The Orchestra Now opened at Carnegie Hall with Amed Adnam Sayguin’s Symphony No. 4, Op. 53 (1974). In three parts, there appeared to be an historical program that I did not understand. The second movement contained some unusual sounds from a combination of instruments. The third movement marched off into the sunset to the rhythmic glee of arresting drums. I presume there was some irony here but what direction it came from I was at a loss.
Lásló Lajtha, a diligent student of Vincent d’Indy in Paris and cordial academic colleague of Béla Bartók, was not only a composer but a noted teacher and ethno-musicologist. Lajtha was often accused of being debased by that most disgraceful and awkward of foreign corruptions—that of being an aesthetic Francophile with a small f. Despite the baleful influence of Debussy, he managed to compose some strikingly original music, especially his Suite No. 3 and his Symphony No. 7, Op. 63, which deserves far more exposure than Bard College’s The Orchestra Now can supply, but wisely offer it they did last Thursday evening when the thermometer hit 91 outside and a delightfully cool and exciting 70 degrees when played under the energetic baton of Leon Botstein.
Lajtha’s concert successes happen to have occurred only outside of Hungary, a situation that ensured a lifetime perspective of possessing (with grace) a deep sense of irony (which is always an asset for an artist). His Seventh Symphony nicknamed “Revolution” (1957) had been bestowed on him by the Muse of History and it was clear that the brief introductory remarks by violinist Drew Youmans (who began playing violin at the age of four) elicited a contemporary parallel with current millennials who feel the psychological lash of our current emperor without morals. There was the articulated historical situation, but also the robust execution of the parallel in the enthusiasm with which these students played Symphony No. 7.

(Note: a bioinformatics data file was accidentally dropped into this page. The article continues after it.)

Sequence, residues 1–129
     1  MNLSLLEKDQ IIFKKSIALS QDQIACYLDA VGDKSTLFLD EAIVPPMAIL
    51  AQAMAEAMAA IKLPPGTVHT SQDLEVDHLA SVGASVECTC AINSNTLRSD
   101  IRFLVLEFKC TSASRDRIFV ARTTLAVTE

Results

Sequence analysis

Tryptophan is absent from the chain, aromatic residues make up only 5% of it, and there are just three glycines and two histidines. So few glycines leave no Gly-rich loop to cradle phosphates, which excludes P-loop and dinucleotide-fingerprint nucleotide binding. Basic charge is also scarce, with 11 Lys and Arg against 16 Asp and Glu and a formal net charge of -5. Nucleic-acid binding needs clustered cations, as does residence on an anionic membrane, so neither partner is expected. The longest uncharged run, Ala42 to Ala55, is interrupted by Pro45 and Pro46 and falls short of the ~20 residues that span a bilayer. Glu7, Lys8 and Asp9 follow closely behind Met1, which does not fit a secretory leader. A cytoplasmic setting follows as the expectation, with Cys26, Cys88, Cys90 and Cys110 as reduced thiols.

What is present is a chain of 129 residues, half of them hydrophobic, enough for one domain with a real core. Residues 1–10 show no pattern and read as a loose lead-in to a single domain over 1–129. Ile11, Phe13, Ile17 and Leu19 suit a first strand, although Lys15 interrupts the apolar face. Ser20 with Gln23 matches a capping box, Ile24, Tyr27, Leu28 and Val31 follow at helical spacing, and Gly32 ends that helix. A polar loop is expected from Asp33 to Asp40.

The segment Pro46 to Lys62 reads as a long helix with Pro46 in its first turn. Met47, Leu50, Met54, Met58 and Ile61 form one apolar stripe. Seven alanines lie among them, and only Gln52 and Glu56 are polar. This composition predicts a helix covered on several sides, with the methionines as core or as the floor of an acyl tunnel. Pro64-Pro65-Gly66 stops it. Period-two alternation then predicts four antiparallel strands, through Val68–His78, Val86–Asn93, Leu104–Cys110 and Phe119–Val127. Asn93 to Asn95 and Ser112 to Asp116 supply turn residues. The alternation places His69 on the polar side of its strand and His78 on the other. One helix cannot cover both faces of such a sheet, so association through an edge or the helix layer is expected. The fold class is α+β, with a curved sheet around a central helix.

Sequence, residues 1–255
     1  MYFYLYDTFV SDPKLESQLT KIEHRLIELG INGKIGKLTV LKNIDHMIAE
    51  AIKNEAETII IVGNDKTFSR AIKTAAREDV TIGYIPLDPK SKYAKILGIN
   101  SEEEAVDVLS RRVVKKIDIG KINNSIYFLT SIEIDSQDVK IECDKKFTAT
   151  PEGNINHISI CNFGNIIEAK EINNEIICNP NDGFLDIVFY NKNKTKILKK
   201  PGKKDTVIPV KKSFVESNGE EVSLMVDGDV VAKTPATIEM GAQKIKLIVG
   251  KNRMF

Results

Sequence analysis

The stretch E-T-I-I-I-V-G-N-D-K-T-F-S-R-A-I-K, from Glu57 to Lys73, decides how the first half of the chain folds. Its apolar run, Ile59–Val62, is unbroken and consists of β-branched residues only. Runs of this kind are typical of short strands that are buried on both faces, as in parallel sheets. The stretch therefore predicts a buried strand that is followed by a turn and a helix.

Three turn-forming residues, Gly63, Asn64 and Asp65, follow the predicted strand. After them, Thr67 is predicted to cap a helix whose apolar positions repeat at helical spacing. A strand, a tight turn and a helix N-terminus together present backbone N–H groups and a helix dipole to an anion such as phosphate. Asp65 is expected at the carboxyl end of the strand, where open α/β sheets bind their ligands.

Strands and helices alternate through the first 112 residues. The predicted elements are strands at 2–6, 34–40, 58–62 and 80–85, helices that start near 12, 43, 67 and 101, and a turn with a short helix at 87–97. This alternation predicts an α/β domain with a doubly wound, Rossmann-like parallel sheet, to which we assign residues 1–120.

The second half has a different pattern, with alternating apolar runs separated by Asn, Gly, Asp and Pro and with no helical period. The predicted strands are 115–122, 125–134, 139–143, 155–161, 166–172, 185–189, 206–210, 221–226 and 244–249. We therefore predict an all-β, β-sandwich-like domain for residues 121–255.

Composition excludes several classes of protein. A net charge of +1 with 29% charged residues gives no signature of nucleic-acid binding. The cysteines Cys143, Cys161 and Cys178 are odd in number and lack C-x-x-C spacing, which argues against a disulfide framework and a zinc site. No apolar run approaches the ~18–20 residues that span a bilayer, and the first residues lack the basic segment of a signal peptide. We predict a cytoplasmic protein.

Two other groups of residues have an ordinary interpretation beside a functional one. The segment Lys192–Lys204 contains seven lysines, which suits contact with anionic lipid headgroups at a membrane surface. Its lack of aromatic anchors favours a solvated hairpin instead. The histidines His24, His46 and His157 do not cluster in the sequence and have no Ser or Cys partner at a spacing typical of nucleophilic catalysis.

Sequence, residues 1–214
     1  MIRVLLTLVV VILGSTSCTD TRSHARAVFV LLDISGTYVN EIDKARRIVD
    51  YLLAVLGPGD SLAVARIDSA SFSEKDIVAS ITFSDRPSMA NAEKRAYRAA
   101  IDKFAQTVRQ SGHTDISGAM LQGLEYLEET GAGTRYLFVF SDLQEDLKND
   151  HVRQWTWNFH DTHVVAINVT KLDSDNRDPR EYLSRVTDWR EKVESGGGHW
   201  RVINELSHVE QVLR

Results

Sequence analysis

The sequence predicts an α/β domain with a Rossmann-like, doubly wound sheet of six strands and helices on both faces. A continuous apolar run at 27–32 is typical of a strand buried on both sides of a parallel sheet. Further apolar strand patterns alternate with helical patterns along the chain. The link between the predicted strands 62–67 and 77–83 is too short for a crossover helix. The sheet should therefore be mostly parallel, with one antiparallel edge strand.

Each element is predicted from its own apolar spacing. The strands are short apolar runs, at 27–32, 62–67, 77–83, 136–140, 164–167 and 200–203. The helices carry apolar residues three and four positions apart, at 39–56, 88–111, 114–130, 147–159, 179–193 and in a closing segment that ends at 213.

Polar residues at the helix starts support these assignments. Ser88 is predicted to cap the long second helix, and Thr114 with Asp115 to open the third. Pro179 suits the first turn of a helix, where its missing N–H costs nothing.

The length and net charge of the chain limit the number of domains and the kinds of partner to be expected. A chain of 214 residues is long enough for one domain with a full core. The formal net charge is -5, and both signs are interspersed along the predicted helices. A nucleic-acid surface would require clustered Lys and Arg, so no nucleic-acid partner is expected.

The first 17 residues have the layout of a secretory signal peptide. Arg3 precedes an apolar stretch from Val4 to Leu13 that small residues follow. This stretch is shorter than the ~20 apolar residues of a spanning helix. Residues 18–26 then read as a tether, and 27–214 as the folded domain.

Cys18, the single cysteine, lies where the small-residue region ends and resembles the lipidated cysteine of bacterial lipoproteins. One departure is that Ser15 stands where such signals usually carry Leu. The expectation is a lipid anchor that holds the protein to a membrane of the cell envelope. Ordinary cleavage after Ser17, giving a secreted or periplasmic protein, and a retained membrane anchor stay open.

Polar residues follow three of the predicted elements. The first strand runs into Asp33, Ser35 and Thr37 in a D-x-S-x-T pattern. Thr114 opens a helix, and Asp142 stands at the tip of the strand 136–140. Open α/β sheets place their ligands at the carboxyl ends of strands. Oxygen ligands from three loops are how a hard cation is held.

Lajtha’s genius made the self-evident dramatic, gripping, shocking. While the Slavic shoulder of benevolence and political correctness weighed on the hearts of amazed Hungarians, little did this brazen muscle realize that it could be mocked, ridiculed, and displayed to the world as predictable cartoon barbarism. The opening first movement with its angular dissonance sounds like a descent into hell, a hell well-stocked with peculiar novelties and the smashing of bricks and glass as casual gestures. Despite desultory dissonance there is a hypnotic tune by two harps in the second movement—definitely haunting at the fingertips of Emily Melendes and Kathryn Sloat. In this movement cellos were employed in a choral manner (as in Berlioz’ Symphonie Fantastique) as the dignified chorus of artists with a conscience (who were, of course, ignored by opportunist fanatics). Mathew Ross on flute, Thomas J. Wible on flute, and Elias Rodriguez on clarinet and Sangwon Lee on alto sax were superlative. An audio link of Symphony No. 7 appears below.
While there is an excellent recording of Lajtha’s Seventh Symphony on the Naxos label, it was an incredible thrill to hear a live performance. The Seventh is a classic, which means it is worth hearing much more than once. The third movement obviously portrays an idyllic pause from the brutality of the Russian occupation, yet that lyric Sunday rest is subject to sudden shocking abuse; re-establishment of the idyll wanders with a cloak of bemused irony beyond the imagination of cliché.
Peter Serkin and Anna Polonsky played Béla Bartok’s Concerto for Two Pianos, Percussion, and Orchestra (1940), which allowed Bartok and his wife to have a successful tour of the States. The pianos became advanced percussion instruments. This novelty appeared charming, dated, anti-climatic.